If the street’s on fire outside, inside so are we, the singer seems to be saying from the secret heart of those small-town rock ‘n’ rollers set loose for the first time with booze and cars in Neon City. Hey, man, did you see that? Sexy innocents hang out on corners, soaking up urban vignettes, and striving in vain for the obscene loveliness of the true street hustler. From the cheap seats in Jersey, “Thunder Road” is Springsteen’s recurrent American dream, yet another incarnation of the run away and his woman — gimme my girl and let us outa here! — trying for the ultimate escape, no questions asked, no promises given: “Hey, what else can we do now?/…Well, the night’s busting open/…We got one last chance to make it real.”
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One last chance to make it real is the way Bruce approaches his concerts, too. Everything must get crammed in, whether it fits or not, the story lines accelerating until both singer and band reach bursting point so often that what is at first exhilarating and climactic later become mere hysterical redundancy. Too many times, one 20-minute song will follow another, their formats so similar the mind begs for brevity or at least a different set of reflexes with which to respond. Happily, Springsteen has dropped completely what appeared to be a creeping narcissism in many of last year’s concerts — in comparison, he is naturalness personified now — but he still has not learned that less can be more, that one well-aimed bullet can create just the kind of impact he wants while a dozen random shots may do nothing so much as bum out an audience before their time has come. Granted, he is a master at those small bits of stage business that can suddenly illuminate occasional dark alleys, but why he chooses to walk such mean streets at all remains a mystery.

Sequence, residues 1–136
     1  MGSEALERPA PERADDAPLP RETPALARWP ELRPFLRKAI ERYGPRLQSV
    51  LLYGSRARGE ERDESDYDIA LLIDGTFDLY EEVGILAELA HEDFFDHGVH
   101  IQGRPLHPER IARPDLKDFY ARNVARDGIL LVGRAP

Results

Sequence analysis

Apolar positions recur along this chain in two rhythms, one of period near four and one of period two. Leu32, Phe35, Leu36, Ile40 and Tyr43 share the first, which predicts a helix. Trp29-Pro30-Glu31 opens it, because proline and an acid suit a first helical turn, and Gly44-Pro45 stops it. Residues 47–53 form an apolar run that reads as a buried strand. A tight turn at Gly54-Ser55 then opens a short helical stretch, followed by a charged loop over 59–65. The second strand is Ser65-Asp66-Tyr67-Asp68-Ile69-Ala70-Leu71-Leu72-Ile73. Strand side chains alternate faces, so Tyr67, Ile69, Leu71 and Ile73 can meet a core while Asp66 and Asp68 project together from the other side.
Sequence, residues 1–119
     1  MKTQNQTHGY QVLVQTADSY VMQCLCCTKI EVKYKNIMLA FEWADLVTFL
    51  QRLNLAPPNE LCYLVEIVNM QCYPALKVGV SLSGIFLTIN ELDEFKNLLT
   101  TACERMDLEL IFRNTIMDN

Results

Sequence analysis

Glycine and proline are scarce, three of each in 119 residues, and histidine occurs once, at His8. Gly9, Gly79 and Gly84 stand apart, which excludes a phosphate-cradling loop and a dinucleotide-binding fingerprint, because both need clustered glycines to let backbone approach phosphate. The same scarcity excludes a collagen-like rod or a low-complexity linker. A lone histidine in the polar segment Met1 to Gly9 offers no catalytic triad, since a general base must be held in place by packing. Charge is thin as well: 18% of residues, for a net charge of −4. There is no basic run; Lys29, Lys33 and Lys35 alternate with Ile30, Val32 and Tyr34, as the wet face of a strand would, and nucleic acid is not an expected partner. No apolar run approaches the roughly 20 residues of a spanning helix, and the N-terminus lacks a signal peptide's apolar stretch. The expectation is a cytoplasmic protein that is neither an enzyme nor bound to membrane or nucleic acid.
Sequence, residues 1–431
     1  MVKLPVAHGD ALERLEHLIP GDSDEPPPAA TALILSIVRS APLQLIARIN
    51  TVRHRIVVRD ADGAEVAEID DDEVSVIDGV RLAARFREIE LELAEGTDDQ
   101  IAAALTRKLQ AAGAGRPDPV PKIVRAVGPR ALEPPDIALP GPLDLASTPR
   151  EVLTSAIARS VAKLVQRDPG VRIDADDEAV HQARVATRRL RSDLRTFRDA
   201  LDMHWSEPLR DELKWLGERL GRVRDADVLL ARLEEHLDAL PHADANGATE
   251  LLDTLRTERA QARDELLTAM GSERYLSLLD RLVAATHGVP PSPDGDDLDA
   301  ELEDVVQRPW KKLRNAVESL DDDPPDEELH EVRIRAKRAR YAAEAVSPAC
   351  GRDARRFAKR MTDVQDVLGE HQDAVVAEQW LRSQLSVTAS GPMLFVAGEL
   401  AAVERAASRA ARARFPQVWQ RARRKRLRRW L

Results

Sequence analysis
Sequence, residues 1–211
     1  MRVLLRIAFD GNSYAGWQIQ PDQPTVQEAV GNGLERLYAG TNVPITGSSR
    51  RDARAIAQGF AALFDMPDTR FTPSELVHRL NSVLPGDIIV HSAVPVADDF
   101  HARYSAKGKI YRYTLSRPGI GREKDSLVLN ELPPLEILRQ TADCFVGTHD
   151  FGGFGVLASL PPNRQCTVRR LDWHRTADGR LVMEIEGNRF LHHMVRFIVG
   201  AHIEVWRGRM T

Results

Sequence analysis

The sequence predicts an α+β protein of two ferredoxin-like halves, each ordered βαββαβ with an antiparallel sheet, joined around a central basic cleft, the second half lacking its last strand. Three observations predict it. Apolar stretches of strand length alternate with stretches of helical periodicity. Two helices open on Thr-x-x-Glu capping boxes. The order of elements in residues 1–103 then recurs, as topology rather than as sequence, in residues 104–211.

Actually, Sunday night’s initial show makes practically any criticism obsolete. For the first time all week, the singer seems flexible and relaxed — Chaplin’s mobile tramp and Valentino’s slippery lover playfully filling the air with smoky mise-en-scene from an antic ’40s film noire, then delivering a Bogart, brass-knuckled haymaker that puts everyone away. It’s “Casablanca” all over again, with a gaucho Groucho in the lead. The pacing is much improved, the set structure faultless. Nothing gets repetitious. From a near-perfect mixture of bright talk (the introduction to “E Street Shuffle”), fast ones (“Born to Run”), oldies (the Searchers’ “When You Walk in the Room”), palpably intimate slow songs (in the middle of the set, “Thunder Road,” done strictly solo), and raging rockers (the best “Rosalita” yet), Springsteen fashions the kind of seamless, 150-minute performance that most artists can only dream about, never realize. On my feet, clapping, never wanting it to end, I ask myself when I’ve ever been so moved by a concert.
Four times: Dylan doing “Like a Rolling Stone” anywhere in ’65 or ’66, the Rolling Stones at the Garden in ’72, Jackson Browne in Toronto in ’73, and a few of the New York Dolls’ late shows at the Mercer Art Center that same year.